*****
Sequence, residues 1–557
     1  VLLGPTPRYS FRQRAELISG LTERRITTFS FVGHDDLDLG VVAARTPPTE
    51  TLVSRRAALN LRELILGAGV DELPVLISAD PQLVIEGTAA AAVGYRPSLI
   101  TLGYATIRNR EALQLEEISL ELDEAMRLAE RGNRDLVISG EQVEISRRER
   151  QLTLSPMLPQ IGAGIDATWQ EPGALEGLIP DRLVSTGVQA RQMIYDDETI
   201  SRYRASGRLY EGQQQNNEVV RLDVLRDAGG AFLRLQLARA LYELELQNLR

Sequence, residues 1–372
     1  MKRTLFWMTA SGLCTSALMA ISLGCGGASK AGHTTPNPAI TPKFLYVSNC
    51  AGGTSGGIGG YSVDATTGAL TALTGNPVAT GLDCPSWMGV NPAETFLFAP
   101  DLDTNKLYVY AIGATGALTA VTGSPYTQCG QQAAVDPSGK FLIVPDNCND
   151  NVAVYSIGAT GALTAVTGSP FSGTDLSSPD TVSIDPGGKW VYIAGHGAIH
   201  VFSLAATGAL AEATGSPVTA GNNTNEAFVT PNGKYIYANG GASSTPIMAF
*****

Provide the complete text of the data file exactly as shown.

Sequence, residues 1–557
     1  VLLGPTPRYS FRQRAELISG LTERRITTFS FVGHDDLDLG VVAARTPPTE
    51  TLVSRRAALN LRELILGAGV DELPVLISAD PQLVIEGTAA AAVGYRPSLI
   101  TLGYATIRNR EALQLEEISL ELDEAMRLAE RGNRDLVISG EQVEISRRER
   151  QLTLSPMLPQ IGAGIDATWQ EPGALEGLIP DRLVSTGVQA RQMIYDDETI
   201  SRYRASGRLY EGQQQNNEVV RLDVLRDAGG AFLRLQLARA LYELELQNLR

Sequence, residues 1–372
     1  MKRTLFWMTA SGLCTSALMA ISLGCGGASK AGHTTPNPAI TPKFLYVSNC
    51  AGGTSGGIGG YSVDATTGAL TALTGNPVAT GLDCPSWMGV NPAETFLFAP
   101  DLDTNKLYVY AIGATGALTA VTGSPYTQCG QQAAVDPSGK FLIVPDNCND
   151  NVAVYSIGAT GALTAVTGSP FSGTDLSSPD TVSIDPGGKW VYIAGHGAIH
   201  VFSLAATGAL AEATGSPVTA GNNTNEAFVT PNGKYIYANG GASSTPIMAF